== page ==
Are they all really "good for me"? Heck no. No one would ever call The A-Team "nutritional." However, it makes the list as a "film goal" of mine -- which therefore loosely gives it "nutritional value" -- because it meets the standard of being a notable movie released this year that I think deserves to be ranked. When you think about it, the goal is to see a representative sample of the movies released during the year in question -- and in a way, the rankings at the bottom of the list are as enriching as those at the top, in terms of being part of one's overall personal assessment of cinema in 2010.
The problem is, I haven't been filling up on nutritional films. I've been filling up on junk food. Which is where The Expendables and Unstoppable come in.
In fact, three of the last four 2010 films I've seen are not on this list, and never were. Add Centurion to the above movies, and you find me in the midst of a spate of unremarkable action movies that are substituting for the life-giving protein I should be consuming.
How did this happen? How am I endangering the better films on this list by watching schlock whose best hope is to be good schlock?
Well, I'll tell you. I bet that surprises you.
1) Centurion - I decided I wanted to start watching a movie at nearly midnight (!) last Friday night, and I thought at the very least I should be watching something from this year. Scanning the list of 2010 titles I'd put on my Netflix instant queue, I thought Centurion seemed like a suitable option. However, there was never much chance I was going to finish it before I went to sleep, and true enough, I watched only about 30 minutes. Determined (as I always am) to finish, I had to plod through it the next day, with numerous breaks, in the midst of all the other priorities of a typical Saturday. Finishing Centurion -- which looked good, but wasn't much on story, and was silly-bloody -- ended up crippling my day so much, I never even got in a trip to go present shopping, which was a top priority at the time.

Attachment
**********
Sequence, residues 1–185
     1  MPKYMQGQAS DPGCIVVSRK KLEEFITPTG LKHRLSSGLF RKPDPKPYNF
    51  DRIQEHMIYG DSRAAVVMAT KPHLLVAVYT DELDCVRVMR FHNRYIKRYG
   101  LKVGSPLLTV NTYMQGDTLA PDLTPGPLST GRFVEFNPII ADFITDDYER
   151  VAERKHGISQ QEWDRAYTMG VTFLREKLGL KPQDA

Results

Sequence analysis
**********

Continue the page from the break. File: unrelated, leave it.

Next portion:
2) The Expendables - My wife was going out for her company's board meeting on Wednesday night, so when I was out earlier running errands with my son, I impulsively stopped by a Redbox kiosk and picked up The Expendables. (Fitting in perfectly with my philosophy of what movies to rent from Redbox.) I would never have been at that Ralph's supermarket in the first place if I didn't feel compelled to extend my errands so my wife could get a longer nap. (If that sounds like I'm blaming her for renting The Expendables, I'm certainly not -- I'm just illustrating the role of circumstance in the movies we choose to watch.) Strangely, I actually passed up at least one movie on this list -- Prince of Persia -- in order to choose one that wasn't.